When I'm in between jobs and have time on my hands, I love to take advantage of the free time to explore the city. Most of the time, I travel alone since my friends are at work or home caring for their children. I don't mind seeing exhibits solo because it allows me the space to become involved with the show and sometimes (as was in the case of this particular show) become very emotional. Spoiler alert! If you haven't seen this show and are planning to go, I must warn that I am going to show much of what the exhibit has to offer.
On a whim, I bought an Early Bird ticket to see the Ai Wei Wei exhibit at Alcatraz. I paid a bit more to bypass the general flow of traffic (well worth it) and have a private guide scoot me up to the good stuff before anyone else got there. She told me that it was the first time EVER that she only had one person in her group—lucky me!
So on this blustery and foggy Tuesday morning, my guide and I stepped into the New Industries Building where the exhibit begins with the With Wind installation. Whoa. The light, the blast of color, the contrasting surroundings. Incredible! I felt very privileged to be here before anyone else and also to be in this room alone with these beautiful, hand painted kites. The colors and motifs are chosen from the countries' flags where the prisoners of conscience are being held.
"By confining the kites inside a building once used for prison labor, the artist suggests powerful contradictions between freedom and restriction, creativity and repression, cultural pride and national shame. he also offers a poetic response to the layered nature of Alcatraz as a former penitentiary that is now an important bird habitat and a site of thriving gardens." (quote: from For-Site.org)
Continuing into the next room, we approach the installation called Trace. Laid out on the floor is a vast sea of faces made of individual lego pieces which were hand assembled in squares and pieced together like a quilt. The portraits depict 176 prisoners around the world who have been exiled or incarcerated because of their beliefs or affiliations. Ai Wei Wei calls them “heroes of our time.” It was very moving for me to see these faces and not recognize most of them. I was awed by the sheer number of them, and by the way they were portrayed in this confined space. Literally brought tears to my eyes.
The last exhibit in this building is entitled Refraction. It is a large metal wing weighing several tons, made up of reflective solar panels. The theme of "confined freedom" continues here where "this piece uses imagery of flight to evoke the tension between freedom—be it physical, political, or creative—and confinement. The weight of this piece keeps it earthbound, but one might imagine its array of solar panels silently mustering energy, preparing for takeoff."
The confinement of the guard's walkway where one is forced to view the work through cracked and rusted window panes is noticeable; and the irony of the glowing EXIT sign is not lost on me in this moment.
The next series of works are found in the A block building. The Blossom sculptures are on display in the hospital ward and are made up of an abundant and delicate array of porcelain flowers. "The work could be seen as symbolically offering comfort to the imprisoned, as one would send a bouquet to a hospitalized patient. The profusion of flowers rendered in a cool brittle matieral could also be an ironic reference to China's famous Hundred Flowers Campaign of 1956, a brief period of government tolerance for free expression that was immediately followed by a severe crackdown." (quote: For-Site.org)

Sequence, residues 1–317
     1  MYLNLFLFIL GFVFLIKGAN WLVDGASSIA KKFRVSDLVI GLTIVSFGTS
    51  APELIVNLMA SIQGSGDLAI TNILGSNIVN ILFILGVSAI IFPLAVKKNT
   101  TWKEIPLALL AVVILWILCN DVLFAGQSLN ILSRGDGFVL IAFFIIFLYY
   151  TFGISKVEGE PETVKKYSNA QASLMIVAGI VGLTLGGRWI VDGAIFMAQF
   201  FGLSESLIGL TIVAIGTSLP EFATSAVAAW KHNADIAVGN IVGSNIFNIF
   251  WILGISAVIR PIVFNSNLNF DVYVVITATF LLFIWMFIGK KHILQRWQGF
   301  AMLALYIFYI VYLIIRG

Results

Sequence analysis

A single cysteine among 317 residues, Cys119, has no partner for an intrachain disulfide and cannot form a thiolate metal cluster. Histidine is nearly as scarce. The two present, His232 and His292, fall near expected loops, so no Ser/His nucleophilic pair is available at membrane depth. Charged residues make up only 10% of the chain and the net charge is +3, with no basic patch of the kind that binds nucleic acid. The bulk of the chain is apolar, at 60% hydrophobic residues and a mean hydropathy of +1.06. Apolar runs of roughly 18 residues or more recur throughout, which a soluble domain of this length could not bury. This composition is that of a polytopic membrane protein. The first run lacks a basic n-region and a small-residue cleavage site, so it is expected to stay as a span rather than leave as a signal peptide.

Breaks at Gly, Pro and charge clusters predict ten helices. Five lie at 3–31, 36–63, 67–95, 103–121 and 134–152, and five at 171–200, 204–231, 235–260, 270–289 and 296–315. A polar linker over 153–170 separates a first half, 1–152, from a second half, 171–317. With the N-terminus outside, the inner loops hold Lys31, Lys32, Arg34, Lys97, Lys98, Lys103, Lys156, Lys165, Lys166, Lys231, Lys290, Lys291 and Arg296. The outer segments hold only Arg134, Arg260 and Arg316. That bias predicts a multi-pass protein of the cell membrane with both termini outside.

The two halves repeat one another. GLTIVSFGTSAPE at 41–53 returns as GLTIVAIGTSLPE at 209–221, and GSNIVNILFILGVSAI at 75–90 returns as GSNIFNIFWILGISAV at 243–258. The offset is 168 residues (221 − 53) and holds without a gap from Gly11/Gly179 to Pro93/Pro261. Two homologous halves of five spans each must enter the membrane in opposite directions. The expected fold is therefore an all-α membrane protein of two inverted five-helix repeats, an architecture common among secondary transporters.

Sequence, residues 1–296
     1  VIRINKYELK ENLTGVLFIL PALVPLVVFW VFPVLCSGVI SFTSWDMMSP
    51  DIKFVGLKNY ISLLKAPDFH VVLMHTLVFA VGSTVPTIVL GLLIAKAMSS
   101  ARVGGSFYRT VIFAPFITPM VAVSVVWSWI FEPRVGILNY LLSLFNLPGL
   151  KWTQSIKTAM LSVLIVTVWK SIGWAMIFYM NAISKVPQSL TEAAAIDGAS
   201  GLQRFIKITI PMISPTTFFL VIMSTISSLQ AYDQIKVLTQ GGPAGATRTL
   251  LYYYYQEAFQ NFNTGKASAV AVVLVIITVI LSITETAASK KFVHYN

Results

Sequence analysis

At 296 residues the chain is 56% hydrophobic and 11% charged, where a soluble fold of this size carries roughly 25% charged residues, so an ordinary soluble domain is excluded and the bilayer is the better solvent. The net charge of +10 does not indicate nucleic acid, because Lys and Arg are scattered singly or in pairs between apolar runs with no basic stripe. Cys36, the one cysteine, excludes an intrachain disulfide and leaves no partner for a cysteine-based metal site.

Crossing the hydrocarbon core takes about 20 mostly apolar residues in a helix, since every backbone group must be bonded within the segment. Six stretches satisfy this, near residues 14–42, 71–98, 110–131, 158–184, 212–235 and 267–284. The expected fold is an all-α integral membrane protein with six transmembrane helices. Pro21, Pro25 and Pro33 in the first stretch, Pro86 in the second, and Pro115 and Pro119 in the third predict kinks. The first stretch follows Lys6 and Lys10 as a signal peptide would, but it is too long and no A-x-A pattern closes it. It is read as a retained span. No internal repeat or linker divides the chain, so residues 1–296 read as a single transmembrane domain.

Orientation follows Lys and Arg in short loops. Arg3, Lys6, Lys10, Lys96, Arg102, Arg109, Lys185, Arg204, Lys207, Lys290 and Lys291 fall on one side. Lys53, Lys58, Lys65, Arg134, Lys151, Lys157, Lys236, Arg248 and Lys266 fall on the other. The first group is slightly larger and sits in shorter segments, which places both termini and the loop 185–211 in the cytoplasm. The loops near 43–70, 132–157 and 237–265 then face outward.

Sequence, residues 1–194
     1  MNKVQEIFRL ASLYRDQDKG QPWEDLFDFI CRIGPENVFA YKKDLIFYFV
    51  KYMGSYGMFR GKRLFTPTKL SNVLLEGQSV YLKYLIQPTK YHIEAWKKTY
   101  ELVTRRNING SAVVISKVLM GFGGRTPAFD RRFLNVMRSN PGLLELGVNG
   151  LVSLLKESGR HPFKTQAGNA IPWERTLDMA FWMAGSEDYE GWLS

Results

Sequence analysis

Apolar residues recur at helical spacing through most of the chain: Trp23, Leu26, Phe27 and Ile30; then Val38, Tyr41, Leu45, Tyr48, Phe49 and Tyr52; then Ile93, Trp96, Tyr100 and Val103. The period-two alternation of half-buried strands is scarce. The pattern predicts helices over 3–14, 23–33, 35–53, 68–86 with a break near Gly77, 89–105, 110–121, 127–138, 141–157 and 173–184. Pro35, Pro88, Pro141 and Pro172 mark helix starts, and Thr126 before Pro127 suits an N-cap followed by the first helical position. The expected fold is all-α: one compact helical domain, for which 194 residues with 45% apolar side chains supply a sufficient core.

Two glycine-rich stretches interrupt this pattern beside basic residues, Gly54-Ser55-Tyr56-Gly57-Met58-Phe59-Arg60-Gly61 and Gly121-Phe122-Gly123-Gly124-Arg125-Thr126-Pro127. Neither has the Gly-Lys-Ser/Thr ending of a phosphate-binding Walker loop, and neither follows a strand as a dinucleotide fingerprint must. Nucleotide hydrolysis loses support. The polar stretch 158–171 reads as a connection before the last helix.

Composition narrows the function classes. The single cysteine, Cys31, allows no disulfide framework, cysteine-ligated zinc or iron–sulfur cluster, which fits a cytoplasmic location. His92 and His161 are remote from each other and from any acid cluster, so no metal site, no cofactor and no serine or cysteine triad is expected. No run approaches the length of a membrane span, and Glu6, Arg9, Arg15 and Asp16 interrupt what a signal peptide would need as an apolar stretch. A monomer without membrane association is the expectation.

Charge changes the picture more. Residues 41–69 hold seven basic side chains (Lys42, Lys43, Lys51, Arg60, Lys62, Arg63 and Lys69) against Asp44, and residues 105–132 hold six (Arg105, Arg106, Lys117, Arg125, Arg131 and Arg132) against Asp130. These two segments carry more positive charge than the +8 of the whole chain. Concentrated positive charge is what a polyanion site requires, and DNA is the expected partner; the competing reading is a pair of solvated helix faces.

The last exhibit that I participated in is called Yours Truly. You are able to correspond directly with any of the listed prisoners by filling out a postcard (they are adorned with foliage and birds from each country of the incarcerated). There is a binder with descriptions of the captives and their stories and you may write any message to any prisoner of your choosing. The staff will mail the pre-addressed cards for you for free. Whether it reaches them or not, will remain unknown although it has been recorded that many do reach them and are greatly appreciated. Around 6 or so prisoners have been released since the beginning of this exhibit.
Here's another excerpt of the description from the For-Site website:
"Ai Wei Wei has spoken of the deep feeling of isolation that afflicts incarcerated people. He says that political prisoners often fear that they — and the causes they fought for — have been forgotten by the outside world. This work is a response to those concerns, reminding detainees that they are remembered — and reminding exhibition visitors of the detainees’ individuality and humanity. In the spirit of free expression, visitors may write any message they wish. Yours Truly brings home ideas at the heart of the exhibition: the responsibilities that we all bear as members of a community, and the importance of communication as both personal expression and a force for social change."
To know more about these as well as a few remaining pieces in the show, I would recommend A) Go to see it in person if you can or B) Read more about it on the For-Site.org website.
It was an incredible show and day all around. I felt all sorts of emotions—from awed and fulfilled, to sad to inspired and hopeful.